Reviews:: Jane Vain & the Dark Matter

For a debut record, Calgary's Jane Vain and the Dark Matter really have a good understanding of the sounds they want to create. Love is Where the Smoke is uses minimal (although surprisingly poppy at times) arrangements that allow Jamie Fooks vocals to push to the forefront.

At the same time the band knows exactly when to jump in with well timed support the band gives to bring out all of her many strengths. It's incredibly focused for a debut and really rewards multiple listens. I know that sounds awfully PR-y, but it can't be helped.

The album opens with a chaotic spacey sample and some hushed, muffled word but the noise is stripped away and a dubbish drum machine beat and amazing string work are left to help Fooks craft her tale. From the opening line, Jamie commands a presence. I hate to jump into sounds like game comparison, but at times her voice mirrors fellow Canadian Emily Haines, but the songs are much more exciting.

While Haines relies on an focused acoustic or a piano, Fooks often lets sounds creep, warble, expand, contract around her voice to set the tone. I'm So Afraid uses more strings and a simple banged out piano, but the slow aggressive jangle of an electric guitar that grabs your attention. You sense her fear and anxiety and it builds with every powerful strum.

It's almost impossible to hear Jamie Fooks voice, especially with the slinky accompaniment her band provides, and not drift into noir-ish thoughts. Her voice, as smoke filled as a poet's bar, has the power and the delicacies the genre requires, but for me, it is the dry wit that really makes these songs work.

When the record slinks into Moving Notes, you really start to see her playful side. The poppy jazz arrangements glistens (especially the staccato percussion breakdown) and even though she's singing about a crumbling relationship she turns ear catching phrases that show she may have known this relationship was doomed from the start. "Like losing everything I thought I wanted/The song said make a choice, do you want true love or do you need my voice?" "You think you need me to look down at you with pity, but if you really need my help, I will leave you to feel sorry for yourself."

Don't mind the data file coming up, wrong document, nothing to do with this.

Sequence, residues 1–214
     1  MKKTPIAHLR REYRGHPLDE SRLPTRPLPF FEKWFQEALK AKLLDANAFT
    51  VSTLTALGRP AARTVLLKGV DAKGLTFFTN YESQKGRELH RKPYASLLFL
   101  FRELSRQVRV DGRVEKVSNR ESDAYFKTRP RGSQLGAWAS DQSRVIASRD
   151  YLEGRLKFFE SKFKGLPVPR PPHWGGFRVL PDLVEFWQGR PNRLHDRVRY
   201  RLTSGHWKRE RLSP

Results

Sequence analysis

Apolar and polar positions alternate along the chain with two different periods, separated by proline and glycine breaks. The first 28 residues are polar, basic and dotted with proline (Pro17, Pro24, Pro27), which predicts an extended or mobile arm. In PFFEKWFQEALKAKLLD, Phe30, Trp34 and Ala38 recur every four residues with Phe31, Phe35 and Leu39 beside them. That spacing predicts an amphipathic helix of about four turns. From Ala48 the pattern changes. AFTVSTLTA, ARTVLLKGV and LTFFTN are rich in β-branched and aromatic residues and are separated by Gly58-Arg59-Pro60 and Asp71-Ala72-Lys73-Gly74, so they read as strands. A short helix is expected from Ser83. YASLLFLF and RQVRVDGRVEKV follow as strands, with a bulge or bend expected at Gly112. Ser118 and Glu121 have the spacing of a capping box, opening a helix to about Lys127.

The record moves in the shadows, floating into the deepest darkest crevasses on your mind. The dark drum machine beat that bursts throughout These Ghosts contrasts the swirling textures and the result is as haunting as the title dictates. Oh Captain starts with Andrew Bird like violin picks, but instead of a whimsical looping rhythm, Jane Vane and the Dark Matter use a gradual build to heighten the tension and "get your attention."

The most amazing part is even with all the musical ebbs and flows and the sonic exploration, Fook's voice still shines through the darkness like a beacon. C'mon Baby Say Bang Bang, is perhaps, the best showcase of her voice. The song uses a collage of sounds (chimes, hand claps, percussion, electric guitar) and tempo shifts, but unlike many artists that get lost in those subtleties, her breathy delivery not only absorbs the sounds well, it stands front and center.

This record is ten-songs, and not one is filler. Blogger fanaticism aside, I think Jane Vain & the Dark Matter is going to be one of the next big female fronted acts that Canada is known for. Plain and simple. Also, it's going to be awesome having everyone thing Jamie's real name is Jane Vain.
[MP3]:: C'mon Baby Say Bang Bang

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@ 9:17 PM, Anonymous Ryan kicked the following game:

This is some well constructed music, thank you.

 

@ 10:59 PM, Anonymous matthew kicked the following game:

Bastard! I'm writing my review of this right now...you beat me by a few hours!
It's like karmic payback for Spreepark!

 

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